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Place lien after property sale in NY

New YorkMechanics LienRight to Lien

Property clean out completed for real estate agent. Per agent property has closed and we have not been paid. Can we place a lien after sale of property. Question 2, work was completed for a financial institution not a homeowner, does this qualify it as a commercial project thanks

1 reply

Sep 5, 2018
In cases in which a property is improved such that a mechanics lien is an allowable and proper remedy, the sale of the property generally doesn't extinguish lien rights to the extent that a valid lien right otherwise would have existed. In states with notice requirements, this means that the required notices must have been provided. In states without notice requirements, the claimant must still meet the deadline and other requirements.

In states like New York the ability to file a valid lien after the sale of the property can generally be tied to the fact that New York is an "unpaid balance" lien state. This means that any potential mechanics lien (from a party at any tier) is limited to the amount remaining unpaid from he property owner to the direct contractor. Since the property usually is not sold with funds remaining due to the direct contractor, the ability for other parties to file an enforceable lien is most often extinguished.

In the case where a contractor is contracted by someone who, while not the owner, may be an agent of the owner, this determination rests of the interpretation of whether the payment to the agent satisfies the owner's obligations. That is likely an argument that would need to be decided by a court.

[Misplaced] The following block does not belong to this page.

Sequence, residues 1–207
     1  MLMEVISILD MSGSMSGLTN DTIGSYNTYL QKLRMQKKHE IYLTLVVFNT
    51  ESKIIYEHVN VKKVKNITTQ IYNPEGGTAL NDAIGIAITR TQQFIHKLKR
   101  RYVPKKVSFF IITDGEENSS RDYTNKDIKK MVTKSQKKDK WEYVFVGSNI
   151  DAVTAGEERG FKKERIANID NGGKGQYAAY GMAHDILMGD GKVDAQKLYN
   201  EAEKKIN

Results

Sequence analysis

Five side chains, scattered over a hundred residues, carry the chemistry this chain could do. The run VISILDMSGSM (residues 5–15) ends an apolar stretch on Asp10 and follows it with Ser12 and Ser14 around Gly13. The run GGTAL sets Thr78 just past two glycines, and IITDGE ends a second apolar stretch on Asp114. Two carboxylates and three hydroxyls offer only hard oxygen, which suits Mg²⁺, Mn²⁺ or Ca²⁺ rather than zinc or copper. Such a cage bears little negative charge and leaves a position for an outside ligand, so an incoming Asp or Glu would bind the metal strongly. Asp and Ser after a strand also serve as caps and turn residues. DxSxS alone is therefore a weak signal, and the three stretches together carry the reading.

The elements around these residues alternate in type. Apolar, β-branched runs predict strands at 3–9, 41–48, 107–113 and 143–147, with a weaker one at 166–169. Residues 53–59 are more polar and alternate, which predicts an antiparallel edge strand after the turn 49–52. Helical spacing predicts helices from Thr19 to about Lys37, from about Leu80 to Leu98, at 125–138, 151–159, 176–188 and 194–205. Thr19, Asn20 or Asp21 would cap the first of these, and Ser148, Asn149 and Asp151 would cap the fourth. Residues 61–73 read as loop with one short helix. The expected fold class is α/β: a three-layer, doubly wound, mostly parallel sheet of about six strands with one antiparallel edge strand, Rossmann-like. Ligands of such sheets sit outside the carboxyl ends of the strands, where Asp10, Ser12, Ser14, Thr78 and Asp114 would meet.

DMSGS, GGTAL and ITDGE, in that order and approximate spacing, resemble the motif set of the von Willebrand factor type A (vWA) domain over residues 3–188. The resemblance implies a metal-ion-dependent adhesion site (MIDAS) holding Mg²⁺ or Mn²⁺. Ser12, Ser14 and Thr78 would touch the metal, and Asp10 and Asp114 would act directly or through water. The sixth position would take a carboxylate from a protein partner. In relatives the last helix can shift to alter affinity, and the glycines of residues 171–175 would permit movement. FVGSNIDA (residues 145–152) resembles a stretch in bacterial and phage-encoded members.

New York notes that the property subject to the shortened lien filing window as a "single family dwelling." It is interestingly not defined as an owner-occupied residence. In fact, New York statutes state that:

"the term “single family dwelling” shall not include a dwelling unit which is a part of a subdivision that has been filed with a municipality in which the subdivision is located when at the time the lien is filed, such property in the subdivision is owned by the developer for purposes other than his personal residence. For purposes of this section, “developer” shall mean and include any private individual, partnership, trust or corporation which improves two or more parcels of real property with single family dwellings pursuant to a common scheme or plan."

Accordingly, it appears that when the structure itself is a single family dwelling, and is not part of a common-scheme development in which the developer owns the property for use other than his own residence, the property would be classified as a single-family dwelling subject to the shortened time requirements, irrespective of ownership (despite the fact that this doesn't seem to fit the spirit of the law).

Finally, New York is very particular that for work to qualify for mechanics lien protection, it must be with respect to a "permanent improvement." In fact, a New York court has found that the installation of solar panels wasn't adequate to qualify for mechanics lien protection because the panels could be removed. Accordingly, in addition to the above, it depends on what is meant by "clean out" if a mechanics lien right exists.
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